Grammar of Data -Data process flow with R and its three Masketeers

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Inspired and adapted from here. dplyer tutorial here, or its own documentation. Another tutorial for dplyr and tidyr; The cheatsheet is useful too, install the dataset from the page’s footnote devtools::install_github("rstudio/EDAWR").

magrittr: Simplifying R code with pipes

%>%, This is not a pipe.
github here, a tutorial from the author, Magrittr.

Basic piping:

x %>% f is equivalent to f(x)
x %>% f(y) is equivalent to f(x, y)
x %>% f %>% g %>% h is equivalent to h(g(f(x)))

The argument placeholder

x %>% f(y, .) is equivalent to f(y, x) x %>% f(y, z = .) is equivalent to f(y, z = x)

The “tee” operator,

%T>% can be used for this purpose and works exactly like %>%, except it returns the left-hand side value, rather than the potential result of the right-hand side operation.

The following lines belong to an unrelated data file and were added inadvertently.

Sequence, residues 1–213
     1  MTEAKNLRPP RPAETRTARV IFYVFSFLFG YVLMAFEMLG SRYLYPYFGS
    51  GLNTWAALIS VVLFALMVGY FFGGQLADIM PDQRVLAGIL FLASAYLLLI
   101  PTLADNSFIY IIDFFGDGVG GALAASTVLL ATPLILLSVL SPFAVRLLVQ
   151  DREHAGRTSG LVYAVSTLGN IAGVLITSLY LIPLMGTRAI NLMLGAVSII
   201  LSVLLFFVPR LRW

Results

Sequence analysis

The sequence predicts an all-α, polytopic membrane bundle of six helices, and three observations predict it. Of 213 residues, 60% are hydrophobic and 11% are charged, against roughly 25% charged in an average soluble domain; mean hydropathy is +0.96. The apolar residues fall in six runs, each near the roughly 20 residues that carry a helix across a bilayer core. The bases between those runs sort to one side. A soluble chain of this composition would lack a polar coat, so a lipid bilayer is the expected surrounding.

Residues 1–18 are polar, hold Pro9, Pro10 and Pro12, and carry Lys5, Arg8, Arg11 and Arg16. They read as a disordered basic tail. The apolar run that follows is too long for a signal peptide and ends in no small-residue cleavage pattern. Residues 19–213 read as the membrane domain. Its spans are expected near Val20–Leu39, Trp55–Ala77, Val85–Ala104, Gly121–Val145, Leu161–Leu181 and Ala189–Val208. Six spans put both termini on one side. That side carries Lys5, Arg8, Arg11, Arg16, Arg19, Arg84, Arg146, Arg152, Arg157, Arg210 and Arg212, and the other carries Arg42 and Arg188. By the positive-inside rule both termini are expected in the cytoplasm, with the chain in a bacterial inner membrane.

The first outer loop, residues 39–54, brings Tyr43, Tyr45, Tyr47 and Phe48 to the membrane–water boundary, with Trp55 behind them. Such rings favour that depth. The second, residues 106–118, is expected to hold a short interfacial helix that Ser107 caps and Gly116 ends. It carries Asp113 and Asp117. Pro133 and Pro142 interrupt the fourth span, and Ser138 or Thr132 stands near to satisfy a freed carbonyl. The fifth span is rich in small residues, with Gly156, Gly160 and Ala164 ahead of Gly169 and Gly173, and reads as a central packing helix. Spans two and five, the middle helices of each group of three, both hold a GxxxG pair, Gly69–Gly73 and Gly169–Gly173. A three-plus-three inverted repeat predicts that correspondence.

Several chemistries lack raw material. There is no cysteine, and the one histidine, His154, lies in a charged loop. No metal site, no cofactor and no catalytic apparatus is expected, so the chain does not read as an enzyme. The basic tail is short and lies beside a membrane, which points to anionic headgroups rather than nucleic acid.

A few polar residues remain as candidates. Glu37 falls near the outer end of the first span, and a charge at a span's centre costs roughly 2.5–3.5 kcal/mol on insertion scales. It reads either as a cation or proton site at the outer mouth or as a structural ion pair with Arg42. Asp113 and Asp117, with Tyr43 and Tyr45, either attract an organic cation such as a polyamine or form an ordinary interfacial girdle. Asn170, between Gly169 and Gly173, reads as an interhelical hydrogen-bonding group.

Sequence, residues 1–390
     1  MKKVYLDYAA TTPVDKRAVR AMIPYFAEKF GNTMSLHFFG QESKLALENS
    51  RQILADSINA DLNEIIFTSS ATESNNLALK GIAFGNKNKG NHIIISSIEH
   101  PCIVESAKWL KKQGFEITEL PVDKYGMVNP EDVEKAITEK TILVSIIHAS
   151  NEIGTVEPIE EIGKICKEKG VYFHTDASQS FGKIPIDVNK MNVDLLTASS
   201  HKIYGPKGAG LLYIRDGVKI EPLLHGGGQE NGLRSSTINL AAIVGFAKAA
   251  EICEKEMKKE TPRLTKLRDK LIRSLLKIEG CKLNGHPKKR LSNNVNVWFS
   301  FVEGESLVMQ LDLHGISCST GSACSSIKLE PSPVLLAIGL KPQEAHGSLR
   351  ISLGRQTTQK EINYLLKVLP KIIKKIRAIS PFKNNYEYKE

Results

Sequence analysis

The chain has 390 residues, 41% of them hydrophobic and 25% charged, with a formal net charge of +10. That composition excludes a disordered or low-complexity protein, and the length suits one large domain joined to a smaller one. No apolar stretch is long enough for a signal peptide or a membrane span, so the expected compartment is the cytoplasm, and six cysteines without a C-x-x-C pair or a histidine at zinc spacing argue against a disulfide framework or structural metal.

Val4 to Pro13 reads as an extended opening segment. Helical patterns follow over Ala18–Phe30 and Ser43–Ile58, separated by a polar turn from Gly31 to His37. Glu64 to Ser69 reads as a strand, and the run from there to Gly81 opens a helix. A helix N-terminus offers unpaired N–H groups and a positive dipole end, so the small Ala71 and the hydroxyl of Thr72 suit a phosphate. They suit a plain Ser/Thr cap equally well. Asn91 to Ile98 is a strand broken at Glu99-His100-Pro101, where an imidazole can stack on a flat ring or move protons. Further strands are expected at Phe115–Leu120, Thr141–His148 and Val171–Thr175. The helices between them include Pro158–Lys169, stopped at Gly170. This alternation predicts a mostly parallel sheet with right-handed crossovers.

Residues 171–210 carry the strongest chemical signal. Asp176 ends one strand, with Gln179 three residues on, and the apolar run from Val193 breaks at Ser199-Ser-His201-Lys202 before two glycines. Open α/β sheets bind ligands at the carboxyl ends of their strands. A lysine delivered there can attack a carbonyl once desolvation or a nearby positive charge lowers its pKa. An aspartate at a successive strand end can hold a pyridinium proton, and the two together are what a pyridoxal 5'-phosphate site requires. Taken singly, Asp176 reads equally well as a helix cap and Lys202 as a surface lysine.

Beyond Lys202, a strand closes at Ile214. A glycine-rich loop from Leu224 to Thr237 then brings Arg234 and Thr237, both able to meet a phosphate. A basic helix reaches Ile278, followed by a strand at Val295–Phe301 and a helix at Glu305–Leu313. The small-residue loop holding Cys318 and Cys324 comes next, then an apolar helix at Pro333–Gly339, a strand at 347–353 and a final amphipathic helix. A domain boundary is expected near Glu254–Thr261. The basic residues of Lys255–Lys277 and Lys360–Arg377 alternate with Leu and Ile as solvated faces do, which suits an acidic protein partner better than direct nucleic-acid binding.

Pipe with exposition of variables

Compound assignment pipe operations

This operator works exactly like %>%, except the pipeline assigns the result rather than returning it. It must be the first pipe operator in a longer chain.


dplyr verbs Description base equivalent
select() select columns subset()
filter() or slice() filter  
distinct() unique rows /observations unique()
arrange() re-order or arrange rows order()
mutate() or transmute() only keep new variables,create new columns transform()
summarise() summarise data by functions of choice  
group_by() allows for group operations in the “split-apply-combine” conceptor  
sample_n() and sample_frac() to take a random sample of rows  

select() can be used with:

ends_with() = Select columns that end with a character string
contains() = Select columns that contain a character string
matches() = Select columns that match a regular expression
one_of() = Select columns names that are from a group


gather:Gather columns into rows
spread Spread rows into columns
separate:Separate one column into several; Splitting a single variable into two
unite: Unite several columns into one; Merging two variables into one


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